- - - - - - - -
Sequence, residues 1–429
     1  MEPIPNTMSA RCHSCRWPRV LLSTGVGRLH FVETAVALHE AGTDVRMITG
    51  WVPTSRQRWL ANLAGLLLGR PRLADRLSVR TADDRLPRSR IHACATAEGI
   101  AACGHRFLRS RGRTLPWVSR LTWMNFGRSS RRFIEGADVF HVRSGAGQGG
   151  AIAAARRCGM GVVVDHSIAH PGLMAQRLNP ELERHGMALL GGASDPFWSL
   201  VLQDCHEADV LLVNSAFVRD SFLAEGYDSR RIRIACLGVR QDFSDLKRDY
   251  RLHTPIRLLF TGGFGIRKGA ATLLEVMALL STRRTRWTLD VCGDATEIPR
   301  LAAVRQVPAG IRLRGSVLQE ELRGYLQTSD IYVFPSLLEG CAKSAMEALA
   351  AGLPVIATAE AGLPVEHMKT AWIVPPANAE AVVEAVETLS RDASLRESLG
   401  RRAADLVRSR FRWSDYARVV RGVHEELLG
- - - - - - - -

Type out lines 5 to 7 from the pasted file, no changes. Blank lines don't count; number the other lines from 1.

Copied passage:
   151  AIAAARRCGM GVVVDHSIAH PGLMAQRLNP ELERHGMALL GGASDPFWSL
   201  VLQDCHEADV LLVNSAFVRD SFLAEGYDSR RIRIACLGVR QDFSDLKRDY
   251  RLHTPIRLLF TGGFGIRKGA ATLLEVMALL STRRTRWTLD VCGDATEIPR